Glasgow shopkeeper put neighbors at ‘serious risk’ by storing fireworks in roof void

A Glasgow shopkeeper stored fireworks in a roof void just inches below residential flats – putting neighbors living above him at ‘serious risk’.

The shocking discovery was made less than a week before Bonfire Night on October 29, 2020, at Amjad Javed’s shop ASR Gift Center in Pollokshields. .

The 60-year-old received a visit from Trading Standards officers, who caught him storing the explosives without a license and in an unsafe manner.

Javed, who has run the shop for around 30 years, was also found to have the explosives contained within a roof void of a room used as a staff toilet in the Albert Drive shop.

When Trading Standard officers turned up to the shop with police for an inspection, Javed was asked about fireworks and denied having any in the store.

He pleaded guilty to failing to take appropriate measures to prevent a fire or explosion by keeping the fireworks out with their transport boxes, in a room containing cardboard, wood and other combustible materials.

Javed, from Shawlands, was fined £1,515 when he appeared at Glasgow Sheriff Court for sentencing on March 23.

The procurator fiscal depute told Sheriff Valerie Mays: “The shop is on the ground floor of a traditional tenement building with residential properties above.

He put neighbors living above his store at ‘serious risk’

“Mr Javed previously held a license authorizing the storage of fireworks. At the time of the offence, he did not hold a license.

“The previous license contained conditions as to where the fireworks would be stored and the quantity and the type.

“It required storage within a locked cupboard under the stairs and those on display to be kept in a locked glass cabinet. A quantity had been stored within the shop storage area.

“They were found within a cupboard, in an uncovered metal cage. These were not within their transport cartons.

“Concerningly, there was also a quantity of fireworks in a roof void within a staff toilet area. The fact these items were being stored without a license meant authorities had no knowledge of these explosives.

“If the fire service attended a fire or explosion, they would not be aware of them. They were stored in an unsafe manner in the storeroom and the ceiling void.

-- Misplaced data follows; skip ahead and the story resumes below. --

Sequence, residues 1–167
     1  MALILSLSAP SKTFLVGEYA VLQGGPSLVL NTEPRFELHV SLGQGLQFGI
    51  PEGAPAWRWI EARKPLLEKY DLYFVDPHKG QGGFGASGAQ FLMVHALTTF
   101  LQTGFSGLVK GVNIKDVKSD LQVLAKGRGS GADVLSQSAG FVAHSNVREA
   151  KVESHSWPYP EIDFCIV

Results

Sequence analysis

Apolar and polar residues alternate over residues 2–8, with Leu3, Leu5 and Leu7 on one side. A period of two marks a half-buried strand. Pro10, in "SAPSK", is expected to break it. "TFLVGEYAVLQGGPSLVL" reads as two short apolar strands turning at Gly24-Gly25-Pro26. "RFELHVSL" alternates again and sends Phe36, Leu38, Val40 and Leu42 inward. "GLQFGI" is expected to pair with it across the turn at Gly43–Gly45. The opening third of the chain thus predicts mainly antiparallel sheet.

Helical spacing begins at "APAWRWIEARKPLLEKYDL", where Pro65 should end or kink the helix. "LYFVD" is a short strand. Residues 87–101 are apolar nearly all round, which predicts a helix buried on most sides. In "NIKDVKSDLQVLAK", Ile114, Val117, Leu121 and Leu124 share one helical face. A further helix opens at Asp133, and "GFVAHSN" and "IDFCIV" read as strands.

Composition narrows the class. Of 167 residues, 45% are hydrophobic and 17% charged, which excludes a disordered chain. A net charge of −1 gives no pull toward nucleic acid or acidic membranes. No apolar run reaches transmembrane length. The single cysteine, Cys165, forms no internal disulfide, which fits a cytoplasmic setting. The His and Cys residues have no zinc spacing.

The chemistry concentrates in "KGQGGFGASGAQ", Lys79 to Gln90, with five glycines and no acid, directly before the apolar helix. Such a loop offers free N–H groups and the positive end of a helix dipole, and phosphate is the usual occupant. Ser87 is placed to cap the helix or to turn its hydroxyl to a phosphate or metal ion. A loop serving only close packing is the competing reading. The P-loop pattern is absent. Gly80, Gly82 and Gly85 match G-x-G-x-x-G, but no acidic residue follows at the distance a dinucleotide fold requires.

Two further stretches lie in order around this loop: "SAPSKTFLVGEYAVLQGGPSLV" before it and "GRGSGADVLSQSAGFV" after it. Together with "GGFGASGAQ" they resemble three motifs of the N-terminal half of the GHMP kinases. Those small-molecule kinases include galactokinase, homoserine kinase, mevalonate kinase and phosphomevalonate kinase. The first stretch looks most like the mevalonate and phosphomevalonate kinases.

“I think you have an indication of the risk involved in this.”

A letter was sent to Javed following the discovery, asking him questions under caution.

He responded accepting that he did not have a license and stated the fireworks were not being sold or for sale.

His lawyer said the offenses rose from a “lack of thought rather than positive criminality.”

He added: “He is under no illusions, now, the seriousness of these matters and the purposes of the provisions for the protection.

“He is truly sorry for the position in which he finds himself in and more particular, for the risk which he now appreciated he had exposed members of the public in general, and in particular, neighbours.”

His lawyer added: “He appreciates this might have had more serious consequences, but fortunately it didn’t.”

Gary Walker, Glasgow City Council’s Head of Community Safety and Regulatory Services, said: “Fireworks can be very volatile if stored incorrectly.

“The way these items were stored was extremely dangerous – especially as people were living in the flats above.”

Walker added: “Antisocial behavior involving fireworks is a real concern in the run-up to Bonfire Night, particularly in areas like Pollokshields, and our Trading Standards team work closely with Police Scotland to ensure laws are being adhered to.

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George Holan

George Holan is chief editor at Plainsmen Post and has articles published in many notable publications in the last decade.

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